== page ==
A Catholic hospital in Colorado has vowed to no longer argue against the personhood of fetuses in a wrongful-death lawsuit that could be reviewed by the state’s Supreme Court.
Catholic Health Initiatives said Monday it was “morally wrong” for its attorneys to cite the state’s Wrongful Death Act, which defined a “person” as only individuals born alive. The hospital chain faced accusations of hypocrisy last month after successfully defending itself with a legal argument that directly contradicted the teachings of the Catholic Church.
The case involved the death of a pregnant woman along with her pair of twins in utero at St. Thomas More Hospital in Canon City, which is operated by CHI. Her husband later filed a lawsuit against the hospital and doctors.
“This case is now being considered for review by the Colorado Supreme Court,” the hospital chain said in a statement. “CHI has agreed that attorneys for St. Thomas More Hospital will not cite the Wrongful Death Act, which does not allow fetuses to sue, in any future legal hearings of this case. Although the argument was legally correct, recourse to an unjust law was morally wrong.”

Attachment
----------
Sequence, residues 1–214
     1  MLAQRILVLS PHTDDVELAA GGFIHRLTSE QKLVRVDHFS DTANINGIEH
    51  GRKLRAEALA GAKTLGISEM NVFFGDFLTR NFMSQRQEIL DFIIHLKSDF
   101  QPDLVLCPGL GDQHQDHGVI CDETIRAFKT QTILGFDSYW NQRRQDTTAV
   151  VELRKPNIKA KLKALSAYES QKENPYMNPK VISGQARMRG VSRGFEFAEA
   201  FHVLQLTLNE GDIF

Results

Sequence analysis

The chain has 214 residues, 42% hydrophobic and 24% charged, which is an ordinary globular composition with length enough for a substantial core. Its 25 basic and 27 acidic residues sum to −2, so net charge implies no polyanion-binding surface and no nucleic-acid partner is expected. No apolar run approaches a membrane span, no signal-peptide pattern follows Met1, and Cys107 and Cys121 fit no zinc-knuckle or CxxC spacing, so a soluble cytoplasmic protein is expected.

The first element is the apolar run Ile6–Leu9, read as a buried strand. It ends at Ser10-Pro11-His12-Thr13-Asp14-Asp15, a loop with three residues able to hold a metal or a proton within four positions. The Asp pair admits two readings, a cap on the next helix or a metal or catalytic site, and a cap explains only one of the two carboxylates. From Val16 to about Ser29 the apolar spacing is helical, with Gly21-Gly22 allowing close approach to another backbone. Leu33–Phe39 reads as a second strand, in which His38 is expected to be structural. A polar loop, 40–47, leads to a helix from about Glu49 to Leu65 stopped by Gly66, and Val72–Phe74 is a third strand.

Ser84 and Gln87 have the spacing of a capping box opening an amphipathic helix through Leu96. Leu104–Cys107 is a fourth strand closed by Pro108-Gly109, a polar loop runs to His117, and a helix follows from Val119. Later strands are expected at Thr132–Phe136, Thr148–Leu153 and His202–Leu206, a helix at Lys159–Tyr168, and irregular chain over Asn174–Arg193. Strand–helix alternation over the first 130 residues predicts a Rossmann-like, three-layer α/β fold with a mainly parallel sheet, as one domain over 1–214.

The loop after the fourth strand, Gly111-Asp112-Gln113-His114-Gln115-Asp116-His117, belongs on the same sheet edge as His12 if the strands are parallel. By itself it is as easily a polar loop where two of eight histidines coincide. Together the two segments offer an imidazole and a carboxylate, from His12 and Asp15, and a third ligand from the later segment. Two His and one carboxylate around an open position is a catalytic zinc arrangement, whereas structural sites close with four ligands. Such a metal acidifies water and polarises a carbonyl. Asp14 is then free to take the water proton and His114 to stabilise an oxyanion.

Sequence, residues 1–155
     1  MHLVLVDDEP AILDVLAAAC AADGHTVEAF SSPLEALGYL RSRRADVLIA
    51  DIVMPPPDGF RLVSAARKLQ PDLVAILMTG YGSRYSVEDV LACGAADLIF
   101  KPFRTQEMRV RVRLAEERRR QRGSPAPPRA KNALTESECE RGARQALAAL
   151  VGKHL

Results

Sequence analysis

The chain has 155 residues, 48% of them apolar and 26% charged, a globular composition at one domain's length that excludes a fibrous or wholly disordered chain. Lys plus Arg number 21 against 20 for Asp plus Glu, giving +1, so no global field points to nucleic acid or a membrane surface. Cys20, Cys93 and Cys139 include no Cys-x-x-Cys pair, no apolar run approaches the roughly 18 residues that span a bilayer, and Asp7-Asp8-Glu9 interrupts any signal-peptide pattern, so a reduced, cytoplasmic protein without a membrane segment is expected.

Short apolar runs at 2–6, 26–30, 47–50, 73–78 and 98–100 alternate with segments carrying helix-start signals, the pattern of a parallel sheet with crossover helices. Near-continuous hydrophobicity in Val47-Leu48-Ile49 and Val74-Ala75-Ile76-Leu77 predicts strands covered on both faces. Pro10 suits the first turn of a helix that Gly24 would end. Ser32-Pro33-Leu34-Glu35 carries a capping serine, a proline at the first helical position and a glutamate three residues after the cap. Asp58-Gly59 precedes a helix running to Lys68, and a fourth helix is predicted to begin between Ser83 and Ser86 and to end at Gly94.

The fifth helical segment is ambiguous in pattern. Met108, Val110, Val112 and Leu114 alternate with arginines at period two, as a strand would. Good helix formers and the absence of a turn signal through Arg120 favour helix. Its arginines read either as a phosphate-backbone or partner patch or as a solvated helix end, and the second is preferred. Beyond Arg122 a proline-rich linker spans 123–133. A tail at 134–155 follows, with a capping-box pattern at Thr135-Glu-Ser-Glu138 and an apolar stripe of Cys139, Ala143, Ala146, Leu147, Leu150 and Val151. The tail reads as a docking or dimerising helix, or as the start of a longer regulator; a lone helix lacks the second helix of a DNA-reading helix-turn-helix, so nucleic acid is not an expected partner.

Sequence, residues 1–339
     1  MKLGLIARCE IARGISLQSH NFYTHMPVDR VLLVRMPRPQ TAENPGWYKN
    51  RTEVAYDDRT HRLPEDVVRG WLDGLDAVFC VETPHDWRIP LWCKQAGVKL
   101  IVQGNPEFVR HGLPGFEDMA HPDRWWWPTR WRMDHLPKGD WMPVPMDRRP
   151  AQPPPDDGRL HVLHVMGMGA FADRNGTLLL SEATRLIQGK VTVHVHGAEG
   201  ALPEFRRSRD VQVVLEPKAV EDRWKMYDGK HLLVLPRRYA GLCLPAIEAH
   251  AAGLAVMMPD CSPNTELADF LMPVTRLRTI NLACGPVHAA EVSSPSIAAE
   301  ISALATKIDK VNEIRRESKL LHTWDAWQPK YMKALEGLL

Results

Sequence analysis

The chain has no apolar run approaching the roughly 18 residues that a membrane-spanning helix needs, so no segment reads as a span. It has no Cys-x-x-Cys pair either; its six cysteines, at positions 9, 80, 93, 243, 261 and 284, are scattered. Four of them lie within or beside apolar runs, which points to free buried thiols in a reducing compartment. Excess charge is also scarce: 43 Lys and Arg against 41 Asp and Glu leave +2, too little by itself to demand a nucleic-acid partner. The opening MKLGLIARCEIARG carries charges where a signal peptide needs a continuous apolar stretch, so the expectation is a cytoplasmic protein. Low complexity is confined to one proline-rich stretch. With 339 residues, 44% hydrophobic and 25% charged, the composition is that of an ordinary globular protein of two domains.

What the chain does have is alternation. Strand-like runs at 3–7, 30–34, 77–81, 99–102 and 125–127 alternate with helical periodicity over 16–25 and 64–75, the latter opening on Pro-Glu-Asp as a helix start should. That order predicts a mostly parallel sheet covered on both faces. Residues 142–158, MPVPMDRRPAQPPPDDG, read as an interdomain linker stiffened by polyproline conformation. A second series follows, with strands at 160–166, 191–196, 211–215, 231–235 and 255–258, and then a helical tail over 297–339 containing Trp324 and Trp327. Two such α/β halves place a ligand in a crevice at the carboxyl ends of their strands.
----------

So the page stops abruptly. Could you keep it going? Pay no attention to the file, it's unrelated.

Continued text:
Catholic leaders in Colorado have rejected so-called “fetal personhood” amendments that would define “person” as any human being from the moment of conception. But they have supported other anti-abortion legislation, including a proposal to make the killing of a fetus a crime.
“Each human life is a sacred gift, created as a unique and unrepeatable expression of God’s love,” the Archdiocese of Denver said Monday in statement. “Life is given by God, and the right to life is a fundamental good, without which no other rights can be enjoyed. Because life is endowed with dignity from the moment of conception to the time of natural death, just societies should create laws that comprehensively protect it.”
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